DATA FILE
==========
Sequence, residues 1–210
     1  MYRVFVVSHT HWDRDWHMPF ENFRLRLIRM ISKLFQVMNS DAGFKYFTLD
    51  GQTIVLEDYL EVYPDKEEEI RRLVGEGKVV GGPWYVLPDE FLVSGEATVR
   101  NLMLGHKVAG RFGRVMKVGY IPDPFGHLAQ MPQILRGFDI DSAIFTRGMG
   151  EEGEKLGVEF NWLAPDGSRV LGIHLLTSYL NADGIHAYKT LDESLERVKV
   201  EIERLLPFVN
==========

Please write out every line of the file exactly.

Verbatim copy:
Sequence, residues 1–210
     1  MYRVFVVSHT HWDRDWHMPF ENFRLRLIRM ISKLFQVMNS DAGFKYFTLD
    51  GQTIVLEDYL EVYPDKEEEI RRLVGEGKVV GGPWYVLPDE FLVSGEATVR
   101  NLMLGHKVAG RFGRVMKVGY IPDPFGHLAQ MPQILRGFDI DSAIFTRGMG
   151  EEGEKLGVEF NWLAPDGSRV LGIHLLTSYL NADGIHAYKT LDESLERVKV
   201  EIERLLPFVN